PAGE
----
What looked like an easy win for the Red Sox suddenly got tense Tuesday, after Jonathan Papelbon came into a 3-0 game and gave up a two-run homer to Jose Bautista with none out in the ninth.
Papelbon went on to surrender a single to Edwin Encarnacion with one out, a walk to J.A. Arencibia with two outs and then a John McDonald single to left that seemed poised to tie the game. The reason it didn’t is because Jason Varitek threw his left foot in front of home plate, blocking Encarnacion’s path to the base.
Sure enough, Varitek blocked Encarnacion’s left foot from the plate. However, Encarnacion’s right foot, trailing the left, clearly touched home before Varitek could apply the tag. Umpire Brian Knight called him out anyway, giving the Red Sox a 3-2 victory.
Despite losing Jon Lester to a strained lat after four innings, the Red Sox took a no-hitter into the sixth, when Bautista singled to break it up. The Jays had just two hits through eight before collecting four against Papelbon in the ninth.
It was the first time this season that Papelbon had given up four hits in an appearance, and he allowed his first runs since June 4. He’s 18-for-19 saving games this season despite a rather bloated 4.02 ERA.
Dustin Pedroia homered for Boston.
The Mets have begun working outfielder Jay Bruce and second baseman Neil Walker at first base as potential insurance in the event Lucas Duda continues to experience back discomfort, Mike Puma of the New York Post reports. Duda has been sidelined recently due to back spasms and missed all but 47 games last season as a result of a stress fracture in his lower back.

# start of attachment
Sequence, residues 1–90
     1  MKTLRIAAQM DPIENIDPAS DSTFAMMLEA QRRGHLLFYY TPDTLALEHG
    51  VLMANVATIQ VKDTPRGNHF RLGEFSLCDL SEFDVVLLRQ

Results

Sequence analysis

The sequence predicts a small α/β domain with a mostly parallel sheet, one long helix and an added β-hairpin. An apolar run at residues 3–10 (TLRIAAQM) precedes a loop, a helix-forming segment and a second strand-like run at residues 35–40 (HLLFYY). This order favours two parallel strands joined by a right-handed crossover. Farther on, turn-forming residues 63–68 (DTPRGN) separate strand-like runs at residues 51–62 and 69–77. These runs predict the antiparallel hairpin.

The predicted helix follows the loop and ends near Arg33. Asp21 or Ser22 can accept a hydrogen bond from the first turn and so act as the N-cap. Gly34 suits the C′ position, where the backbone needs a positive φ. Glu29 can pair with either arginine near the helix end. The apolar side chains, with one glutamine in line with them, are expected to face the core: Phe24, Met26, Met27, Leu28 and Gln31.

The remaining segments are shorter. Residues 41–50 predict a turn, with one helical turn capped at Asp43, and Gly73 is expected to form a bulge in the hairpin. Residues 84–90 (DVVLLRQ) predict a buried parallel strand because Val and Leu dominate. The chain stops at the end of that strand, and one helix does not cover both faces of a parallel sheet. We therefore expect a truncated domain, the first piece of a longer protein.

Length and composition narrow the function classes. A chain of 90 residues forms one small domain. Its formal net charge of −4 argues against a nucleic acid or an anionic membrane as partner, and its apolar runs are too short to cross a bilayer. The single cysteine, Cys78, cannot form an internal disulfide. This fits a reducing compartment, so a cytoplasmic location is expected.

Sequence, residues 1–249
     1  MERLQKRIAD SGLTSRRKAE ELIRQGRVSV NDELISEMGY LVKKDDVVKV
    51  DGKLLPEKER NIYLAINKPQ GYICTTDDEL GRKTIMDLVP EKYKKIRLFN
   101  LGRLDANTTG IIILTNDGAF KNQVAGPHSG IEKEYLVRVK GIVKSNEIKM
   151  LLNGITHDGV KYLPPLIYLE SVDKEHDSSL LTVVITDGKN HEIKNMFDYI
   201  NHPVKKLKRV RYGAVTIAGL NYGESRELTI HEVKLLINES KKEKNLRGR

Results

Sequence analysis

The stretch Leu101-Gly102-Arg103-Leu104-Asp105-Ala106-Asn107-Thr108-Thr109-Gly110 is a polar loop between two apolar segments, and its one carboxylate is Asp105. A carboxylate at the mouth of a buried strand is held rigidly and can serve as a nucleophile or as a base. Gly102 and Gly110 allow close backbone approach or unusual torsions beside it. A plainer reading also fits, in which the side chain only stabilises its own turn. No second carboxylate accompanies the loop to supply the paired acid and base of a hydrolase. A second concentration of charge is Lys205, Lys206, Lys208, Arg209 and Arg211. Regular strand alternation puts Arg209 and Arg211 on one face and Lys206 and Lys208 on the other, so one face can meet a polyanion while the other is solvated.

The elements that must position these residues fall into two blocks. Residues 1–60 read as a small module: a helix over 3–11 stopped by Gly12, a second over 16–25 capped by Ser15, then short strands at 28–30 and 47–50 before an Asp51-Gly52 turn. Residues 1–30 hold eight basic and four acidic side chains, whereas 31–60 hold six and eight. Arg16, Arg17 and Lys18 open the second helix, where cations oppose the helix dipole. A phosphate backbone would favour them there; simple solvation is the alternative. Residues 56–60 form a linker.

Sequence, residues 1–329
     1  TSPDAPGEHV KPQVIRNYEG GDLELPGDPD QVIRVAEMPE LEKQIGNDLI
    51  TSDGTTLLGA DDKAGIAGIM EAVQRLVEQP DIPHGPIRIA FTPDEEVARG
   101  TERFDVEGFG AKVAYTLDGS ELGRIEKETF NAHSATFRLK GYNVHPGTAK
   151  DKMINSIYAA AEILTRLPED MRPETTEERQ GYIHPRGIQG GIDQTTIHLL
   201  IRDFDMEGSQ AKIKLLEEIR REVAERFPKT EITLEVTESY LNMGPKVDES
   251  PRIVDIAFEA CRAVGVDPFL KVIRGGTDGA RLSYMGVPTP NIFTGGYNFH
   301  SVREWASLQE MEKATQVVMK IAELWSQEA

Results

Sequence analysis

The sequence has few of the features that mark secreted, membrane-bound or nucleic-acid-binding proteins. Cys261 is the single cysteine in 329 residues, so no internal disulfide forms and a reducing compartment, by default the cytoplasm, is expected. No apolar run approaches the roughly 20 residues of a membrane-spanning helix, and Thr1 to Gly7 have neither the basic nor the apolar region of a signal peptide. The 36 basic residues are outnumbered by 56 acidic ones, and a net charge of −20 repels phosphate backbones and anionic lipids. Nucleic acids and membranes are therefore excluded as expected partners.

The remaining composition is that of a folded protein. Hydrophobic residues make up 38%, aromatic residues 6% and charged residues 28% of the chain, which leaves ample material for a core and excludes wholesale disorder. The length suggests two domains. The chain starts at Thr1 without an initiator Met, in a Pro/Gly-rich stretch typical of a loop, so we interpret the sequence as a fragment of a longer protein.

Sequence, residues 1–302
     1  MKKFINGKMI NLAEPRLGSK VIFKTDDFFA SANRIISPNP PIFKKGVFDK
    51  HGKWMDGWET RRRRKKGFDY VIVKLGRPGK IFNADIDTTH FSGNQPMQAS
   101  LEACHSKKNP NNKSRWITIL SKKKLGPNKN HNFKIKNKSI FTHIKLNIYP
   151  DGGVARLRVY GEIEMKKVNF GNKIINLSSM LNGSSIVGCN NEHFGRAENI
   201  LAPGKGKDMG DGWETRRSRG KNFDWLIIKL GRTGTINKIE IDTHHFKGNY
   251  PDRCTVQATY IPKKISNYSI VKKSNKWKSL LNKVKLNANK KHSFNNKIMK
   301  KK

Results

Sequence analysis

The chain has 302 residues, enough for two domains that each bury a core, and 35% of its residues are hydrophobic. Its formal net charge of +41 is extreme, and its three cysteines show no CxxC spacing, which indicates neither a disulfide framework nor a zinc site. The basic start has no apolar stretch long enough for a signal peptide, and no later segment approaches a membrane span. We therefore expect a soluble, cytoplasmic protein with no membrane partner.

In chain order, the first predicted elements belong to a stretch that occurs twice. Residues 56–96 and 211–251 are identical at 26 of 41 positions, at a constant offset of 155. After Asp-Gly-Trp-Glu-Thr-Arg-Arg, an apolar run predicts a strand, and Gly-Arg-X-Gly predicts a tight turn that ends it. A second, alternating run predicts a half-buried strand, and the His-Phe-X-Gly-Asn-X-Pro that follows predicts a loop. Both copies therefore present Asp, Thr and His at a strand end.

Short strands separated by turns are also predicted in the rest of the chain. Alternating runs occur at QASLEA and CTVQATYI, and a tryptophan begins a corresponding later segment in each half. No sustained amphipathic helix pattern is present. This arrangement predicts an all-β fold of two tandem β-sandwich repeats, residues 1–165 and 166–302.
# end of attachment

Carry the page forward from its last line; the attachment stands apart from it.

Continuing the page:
Manager Terry Collins spoke about Bruce’s work at first base on Sunday, saying, “I liked everything I saw today. “It looks like he’s got the athleticism, he’s got the hands, he’s got the arm angle. He made some throws in our drills that you wouldn’t expect an outfielder to be able to make, but yet he does. If that’s where we have to go, I think we’ll be fine.”
Bruce has only three games’ worth of experience at first base at the major league level, but still has high expectations for himself. He said, “I am going to work at it. I want to give myself a chance and the team a chance. I am not going to go over there and be a butcher. It’s just not the way I go about my business on the baseball field and it wouldn’t be fair to the team if I wasn’t capable to do it, so I am going to work at it and we’ll see what happens.”
The Mets made Bruce available via trade over the offseason but didn’t get an offer that whet their appetite. As a result, Michael Conforto appears to be the odd man out in the Mets’ crowded outfield.
Indians second baseman Jason Kipnis has been diagnosed with a strained rotator cuff in his right shoulder, MLB.com’s Jordan Bastian reports. Kipnis has received a cortisone shot and will be shut down from throwing for the next four to five days.
There’s a lot of spring left, so it’s perfectly sensible for the Indians to play it safe with their star player. The club already had Kipnis on a shoulder strengthening program.
Kipnis, 29, helped the Indians to the playoffs after batting .275/.343/.469 with 23 home runs, 92 RBI, 91 runs scored, and 15 stolen bases in 688 plate appearances during the regular season last year. He then helped the Indians reach Game 7 of the World Series against the Cubs, where they were eventually stopped, as he provided a .741 OPS including four homers and eight RBI in 15 playoff games.